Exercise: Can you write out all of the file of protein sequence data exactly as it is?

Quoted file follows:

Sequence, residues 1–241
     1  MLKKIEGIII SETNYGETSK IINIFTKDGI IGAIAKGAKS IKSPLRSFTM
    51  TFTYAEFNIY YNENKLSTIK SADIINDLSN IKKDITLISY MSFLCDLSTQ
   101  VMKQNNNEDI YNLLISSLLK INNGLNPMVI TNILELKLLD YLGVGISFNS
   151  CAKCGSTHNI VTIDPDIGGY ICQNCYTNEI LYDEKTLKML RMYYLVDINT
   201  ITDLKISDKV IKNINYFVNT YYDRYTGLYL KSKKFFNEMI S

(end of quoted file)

Sequence, residues 1–241
     1  MLKKIEGIII SETNYGETSK IINIFTKDGI IGAIAKGAKS IKSPLRSFTM
    51  TFTYAEFNIY YNENKLSTIK SADIINDLSN IKKDITLISY MSFLCDLSTQ
   101  VMKQNNNEDI YNLLISSLLK INNGLNPMVI TNILELKLLD YLGVGISFNS
   151  CAKCGSTHNI VTIDPDIGGY ICQNCYTNEI LYDEKTLKML RMYYLVDINT
   201  ITDLKISDKV IKNINYFVNT YYDRYTGLYL KSKKFFNEMI S